Rebirth of Venus – Sex After Menopause
This can be a touchy subject for any post-menopausal woman. Claudia Mann gets frank about sex after menopause and ways you can feel good in bed again.
By Claudia Mann
Here’s how I found out. I was preoccupied with work and family, not paying attention to my own health. Finally, I went for a checkup and mentioned I hadn’t had a period in six months. I’d just turned 51, so it was no big mystery. Back came my blood work: so much for peri-, I was post-menopausal. Wow, game over. My next reaction was relief. No weight gain or mood swings, not one hot flash. I was Ms. Scot-Free, I thought, considering between five to 10 pounds of weight gain can be expected, more than a quarter of post-menopausal women reported depression over a previous two-week period and up to 80 per cent of menopausal women experience hot flashes. Experts say symptoms as minimal as mine aren’t abnormal, but they definitely rank as lucky. If it makes anyone feel any better, I did start getting up to pee twice a night – not a urine control problem (26 per cent) in my case, more so trouble sleeping (43 per cent).
With menopause to wrap my head around, romance was nowhere near my to-do list. My lacklustre attitude probably had something to do with my ex, a gentlemanly type. “It’s better for you if I don’t thrust,” he told me the first time we did It. I never summoned the gumption to tell him I needed some bang to go with the whispering. His prior partner was exactly my age; I guess she knew what I didn’t.
Tailored Shirts and I broke up. I went 16 months without so much as a wink. Then, last summer, I fell deep in crush and lust with a wonderful, vigorous man. By Date No. 4, he was dying to get me naked and vice versa. We were ready for a whole night of … ow, ow, OUCH. Who in God’s name had filled my lady parts with sand? Why did sex suddenly feel like death by a hundred paper cuts?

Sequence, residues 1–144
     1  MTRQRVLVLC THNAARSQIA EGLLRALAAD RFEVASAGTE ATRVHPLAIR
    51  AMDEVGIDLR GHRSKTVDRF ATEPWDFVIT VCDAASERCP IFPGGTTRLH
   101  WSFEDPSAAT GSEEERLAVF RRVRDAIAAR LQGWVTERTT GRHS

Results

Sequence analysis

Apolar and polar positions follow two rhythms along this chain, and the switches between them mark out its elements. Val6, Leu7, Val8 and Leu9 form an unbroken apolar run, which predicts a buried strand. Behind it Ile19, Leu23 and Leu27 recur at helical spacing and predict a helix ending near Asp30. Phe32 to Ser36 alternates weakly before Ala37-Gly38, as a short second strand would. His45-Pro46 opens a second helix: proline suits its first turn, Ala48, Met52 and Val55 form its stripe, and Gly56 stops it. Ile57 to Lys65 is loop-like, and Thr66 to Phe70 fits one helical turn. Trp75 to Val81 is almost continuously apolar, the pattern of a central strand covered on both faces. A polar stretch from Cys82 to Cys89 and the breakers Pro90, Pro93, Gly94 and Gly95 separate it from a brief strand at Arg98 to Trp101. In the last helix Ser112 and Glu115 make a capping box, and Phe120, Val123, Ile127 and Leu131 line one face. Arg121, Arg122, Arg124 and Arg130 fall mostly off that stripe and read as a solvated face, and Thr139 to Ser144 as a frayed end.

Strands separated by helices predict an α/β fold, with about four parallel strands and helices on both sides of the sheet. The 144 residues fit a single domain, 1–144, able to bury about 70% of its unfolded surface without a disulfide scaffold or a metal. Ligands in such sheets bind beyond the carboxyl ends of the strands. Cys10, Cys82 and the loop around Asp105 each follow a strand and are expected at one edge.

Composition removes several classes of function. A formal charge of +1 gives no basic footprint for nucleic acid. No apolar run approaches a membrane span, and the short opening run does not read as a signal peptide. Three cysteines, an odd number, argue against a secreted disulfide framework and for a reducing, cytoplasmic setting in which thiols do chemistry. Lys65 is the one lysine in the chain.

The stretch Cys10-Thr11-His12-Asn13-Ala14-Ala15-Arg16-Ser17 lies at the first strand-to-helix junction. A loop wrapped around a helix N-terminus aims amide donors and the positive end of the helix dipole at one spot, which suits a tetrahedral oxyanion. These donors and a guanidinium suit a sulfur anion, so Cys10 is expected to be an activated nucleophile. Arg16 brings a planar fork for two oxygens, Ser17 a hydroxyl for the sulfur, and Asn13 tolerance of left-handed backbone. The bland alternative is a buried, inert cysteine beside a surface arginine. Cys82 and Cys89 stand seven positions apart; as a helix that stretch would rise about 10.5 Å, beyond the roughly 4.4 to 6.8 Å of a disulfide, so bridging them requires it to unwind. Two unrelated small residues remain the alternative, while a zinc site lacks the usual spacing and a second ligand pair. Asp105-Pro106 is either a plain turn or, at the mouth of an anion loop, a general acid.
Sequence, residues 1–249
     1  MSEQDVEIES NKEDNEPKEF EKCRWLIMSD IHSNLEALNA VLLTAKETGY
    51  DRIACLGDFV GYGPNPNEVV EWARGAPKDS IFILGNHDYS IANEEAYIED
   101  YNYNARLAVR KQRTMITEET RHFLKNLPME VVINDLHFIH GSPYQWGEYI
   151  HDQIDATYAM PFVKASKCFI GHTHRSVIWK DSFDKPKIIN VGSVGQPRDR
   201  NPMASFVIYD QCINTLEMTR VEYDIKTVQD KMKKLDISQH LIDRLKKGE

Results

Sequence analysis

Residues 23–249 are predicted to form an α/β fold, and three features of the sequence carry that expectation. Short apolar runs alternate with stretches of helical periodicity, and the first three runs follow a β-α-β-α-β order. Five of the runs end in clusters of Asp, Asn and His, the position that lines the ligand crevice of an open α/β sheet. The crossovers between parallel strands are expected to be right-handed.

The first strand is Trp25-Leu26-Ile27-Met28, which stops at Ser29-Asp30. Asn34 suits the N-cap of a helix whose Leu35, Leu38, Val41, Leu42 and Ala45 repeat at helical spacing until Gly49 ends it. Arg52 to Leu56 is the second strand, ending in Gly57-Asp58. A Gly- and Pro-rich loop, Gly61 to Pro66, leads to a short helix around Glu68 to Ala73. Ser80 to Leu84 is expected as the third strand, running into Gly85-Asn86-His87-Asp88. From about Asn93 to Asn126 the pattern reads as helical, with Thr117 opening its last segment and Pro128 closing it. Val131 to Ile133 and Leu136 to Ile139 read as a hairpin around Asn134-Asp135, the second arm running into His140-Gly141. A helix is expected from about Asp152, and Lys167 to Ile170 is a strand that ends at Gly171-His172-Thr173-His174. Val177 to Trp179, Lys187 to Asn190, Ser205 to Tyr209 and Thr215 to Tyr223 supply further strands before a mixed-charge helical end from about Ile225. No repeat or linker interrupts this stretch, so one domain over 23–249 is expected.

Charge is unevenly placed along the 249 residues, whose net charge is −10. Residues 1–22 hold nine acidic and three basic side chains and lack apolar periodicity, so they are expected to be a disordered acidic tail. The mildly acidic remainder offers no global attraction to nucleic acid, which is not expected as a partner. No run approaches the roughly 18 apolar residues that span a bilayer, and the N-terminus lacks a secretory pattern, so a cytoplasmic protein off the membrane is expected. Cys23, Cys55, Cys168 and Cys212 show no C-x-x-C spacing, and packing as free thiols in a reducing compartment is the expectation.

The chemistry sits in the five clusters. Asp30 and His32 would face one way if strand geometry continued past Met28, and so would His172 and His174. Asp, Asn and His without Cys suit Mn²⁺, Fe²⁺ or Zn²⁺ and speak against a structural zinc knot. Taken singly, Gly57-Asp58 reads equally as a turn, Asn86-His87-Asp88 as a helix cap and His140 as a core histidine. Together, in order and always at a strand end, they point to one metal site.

The answer is that I, like as many as 50 per cent of post-menopausal women, suffer from vulvovaginal atrophy (VVA), recently renamed as genitourinary syndrome of menopause (GSM). Without estrogen to keep your vaginal tissues robust and moist, sex, by which I mean good old friction-based intercourse, can cause itching, burning and pain. “The vaginal tissues dry up,” explains Dr. Susan Goldstein, a Toronto-based menopause practitioner certified by the North American Menopause Society (NAMS). “They get less elastic, thinner and more friable, which means they bleed more easily.” My year-and-a-half of abstinence did more than keep me in the dark – a woman my age needs to use it or lose it. “The more you have intercourse, the more you stimulate local blood circulation, which helps heal the tissues,” advises Goldstein when it comes to mitigating atrophy if not preventing it. Any stimulation is good, human or sex toy. (Take it from me: shower heads set to tepid may be great for multiples but, in retrospect, I should have gone ahead and lost my vibrator virginity.)
Vaginal estrogen also comes as a cream or a ring. “I tried the ring and hated it,” says my surrogate big sister, Fay, 54. “I could always feel it, and it caused cramping. Sometimes, it slipped out during exercise. And the place I actually needed estrogen the most was my vulva. So I said the hell with it.” Fay switched to vaginal estrogen cream with fewer complaints: “Much of the elasticity and so on returns. The downside is that it makes oral sex for him a bit unpleasant though it only seems to hang around maybe a day and a half.”